Resources to Help Private Sector Address Family & Sexual Violence
Committed to ensuring women do not lose employment as a result of FSV, BSP’s Head of Support Services, Alicia Sahib (Far Left) engaged the BCFW to review BSP’s workplace policy, ensuring it was in accord with best practice.
Did you know that Papua New Guinea’s private sector has a suite of best practice and culturally appropriate resources to help it combat the negative impact of Family and Sexual Violence (FSV)? These resources not only provide critical and compassionate support to FSV-impacted workers they also help businesses save money.
The Cost to Business
A survey conducted by the PNG Business Coalition for Women (BCFW) and World Bank revealed that 94 percent of business leaders surveyed believed their staff experienced FSV and that violence against women negatively affected their businesses. It is estimated that the equivalent of 10 percent of company payroll in PNG is lost due to FSV. One of the BCFW’s member businesses in the resources sector calculated that FSV cost it 3 million kina per year just in lost staff time!
Executive Officer of the BCFW, Evonne Kennedy, reports that “FSV hurts businesses irrespective of where it occurs … whether it’s at work, at home, or in the community.” FSV causes lower productivity amongst not only those staff who experience the violence but also staff who try to assist them, as well as the perpetrators themselves. Kennedy explains that impacted staff tend to take more days off work, their minds are often not ‘on the job’ and they may be physically impaired from working properly.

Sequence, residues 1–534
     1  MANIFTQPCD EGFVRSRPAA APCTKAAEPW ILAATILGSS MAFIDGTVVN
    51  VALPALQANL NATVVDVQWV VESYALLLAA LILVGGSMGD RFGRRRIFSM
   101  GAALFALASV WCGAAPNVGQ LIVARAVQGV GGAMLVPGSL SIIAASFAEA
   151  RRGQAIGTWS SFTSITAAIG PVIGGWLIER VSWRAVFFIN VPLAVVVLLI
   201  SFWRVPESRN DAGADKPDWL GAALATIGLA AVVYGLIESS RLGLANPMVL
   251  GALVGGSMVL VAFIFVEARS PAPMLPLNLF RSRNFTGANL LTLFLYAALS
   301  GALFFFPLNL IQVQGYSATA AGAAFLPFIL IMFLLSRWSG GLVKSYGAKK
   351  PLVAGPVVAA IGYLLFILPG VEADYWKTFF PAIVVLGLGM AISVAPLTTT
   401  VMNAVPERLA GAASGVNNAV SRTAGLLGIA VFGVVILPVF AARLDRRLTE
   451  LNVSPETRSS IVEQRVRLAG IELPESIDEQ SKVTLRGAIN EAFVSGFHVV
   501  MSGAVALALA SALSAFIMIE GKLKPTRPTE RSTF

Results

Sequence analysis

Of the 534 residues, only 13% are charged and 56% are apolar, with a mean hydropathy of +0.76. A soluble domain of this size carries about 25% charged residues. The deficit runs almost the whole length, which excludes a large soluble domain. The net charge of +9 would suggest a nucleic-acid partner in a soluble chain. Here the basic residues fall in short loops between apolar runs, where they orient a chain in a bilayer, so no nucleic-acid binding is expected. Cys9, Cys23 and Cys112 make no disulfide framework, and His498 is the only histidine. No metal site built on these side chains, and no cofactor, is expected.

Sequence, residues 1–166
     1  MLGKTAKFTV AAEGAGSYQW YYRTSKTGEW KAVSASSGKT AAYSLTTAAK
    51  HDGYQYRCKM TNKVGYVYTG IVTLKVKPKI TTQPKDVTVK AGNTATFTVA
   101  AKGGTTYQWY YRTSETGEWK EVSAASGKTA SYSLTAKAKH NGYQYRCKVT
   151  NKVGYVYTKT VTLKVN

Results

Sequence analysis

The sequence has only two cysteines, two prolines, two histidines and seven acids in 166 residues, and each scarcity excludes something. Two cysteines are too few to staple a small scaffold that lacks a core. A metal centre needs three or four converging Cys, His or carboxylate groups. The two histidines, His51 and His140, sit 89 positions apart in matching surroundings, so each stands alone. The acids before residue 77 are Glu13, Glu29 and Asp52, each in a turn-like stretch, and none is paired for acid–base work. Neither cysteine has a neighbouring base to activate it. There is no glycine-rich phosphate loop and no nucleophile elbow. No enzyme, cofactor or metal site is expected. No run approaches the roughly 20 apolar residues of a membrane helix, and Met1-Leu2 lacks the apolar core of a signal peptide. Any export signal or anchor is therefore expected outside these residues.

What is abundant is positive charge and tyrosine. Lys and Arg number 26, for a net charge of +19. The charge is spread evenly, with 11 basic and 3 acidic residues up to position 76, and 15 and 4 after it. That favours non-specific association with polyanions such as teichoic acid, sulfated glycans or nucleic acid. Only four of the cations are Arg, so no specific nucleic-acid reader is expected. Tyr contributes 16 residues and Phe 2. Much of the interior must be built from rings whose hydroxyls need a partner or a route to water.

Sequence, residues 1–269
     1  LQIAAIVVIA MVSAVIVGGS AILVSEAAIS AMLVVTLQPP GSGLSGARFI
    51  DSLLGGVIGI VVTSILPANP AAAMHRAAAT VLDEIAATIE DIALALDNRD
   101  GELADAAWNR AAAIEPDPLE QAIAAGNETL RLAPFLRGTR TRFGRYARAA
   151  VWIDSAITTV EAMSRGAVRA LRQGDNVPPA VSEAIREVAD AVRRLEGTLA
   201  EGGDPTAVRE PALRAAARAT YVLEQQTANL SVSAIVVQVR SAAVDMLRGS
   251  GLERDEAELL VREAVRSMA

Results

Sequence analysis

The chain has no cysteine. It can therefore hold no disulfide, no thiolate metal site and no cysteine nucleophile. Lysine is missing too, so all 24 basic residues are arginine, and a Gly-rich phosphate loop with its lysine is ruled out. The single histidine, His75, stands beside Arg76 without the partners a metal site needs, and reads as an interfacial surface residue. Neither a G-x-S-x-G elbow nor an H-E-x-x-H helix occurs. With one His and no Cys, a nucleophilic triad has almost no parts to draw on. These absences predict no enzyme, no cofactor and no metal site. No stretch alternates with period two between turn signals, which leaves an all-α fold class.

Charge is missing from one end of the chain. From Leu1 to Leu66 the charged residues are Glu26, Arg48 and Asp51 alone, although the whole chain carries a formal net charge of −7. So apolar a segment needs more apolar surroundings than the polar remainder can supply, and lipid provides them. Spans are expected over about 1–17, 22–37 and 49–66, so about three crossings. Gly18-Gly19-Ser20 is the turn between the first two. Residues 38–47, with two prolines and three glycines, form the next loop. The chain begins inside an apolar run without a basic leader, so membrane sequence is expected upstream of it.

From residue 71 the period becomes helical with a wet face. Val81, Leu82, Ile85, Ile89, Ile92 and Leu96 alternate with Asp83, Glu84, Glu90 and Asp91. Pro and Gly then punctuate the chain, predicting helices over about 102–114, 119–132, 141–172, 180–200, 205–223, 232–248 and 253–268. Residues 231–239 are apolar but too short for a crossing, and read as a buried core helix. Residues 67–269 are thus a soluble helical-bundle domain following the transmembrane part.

In addition to lower productivity amongst FSV-impacted staff are several increased business costs associated with additional recruitment and training, security requirements, insurance premiums, litigation, and administration.
A Policy to Help Business
The BCFW began developing resources to assist businesses reduce the damaging impact and costs of FSV in 2014. Origin Energy CEO and foundation BCFW Chair, Lesieli Taviri, recalls that this was in direct response to a plea for assistance from the PNG business community. “We [PNG business leaders] all knew we had to do something about FSV and the toll it was taking on our staff and our businesses but we just didn’t know where to start or who to turn to. With the help of international experts, as well as our own member businesses, we were able to develop our FSV Workplace Policy and associated trainings and consultancy services.” Several additional and complementary resources to assist businesses address FSV have since been developed and to date 46 PNG businesses have utilised at least one of these.
“Implementing an FSV workplace policy is paramount to a company laying the right foundations for a coordinated and systematic approach to tackling FSV” advises Kennedy.
Acting as a blueprint for companies, the policy works towards providing a course of action should employees be subjected to violence, warns perpetrators of their wrongdoings and the consequences of their behaviour and lastly works towards shifting cultural perspectives – educating peers that violence in any form is not to be tolerated.
Businesses Taking Action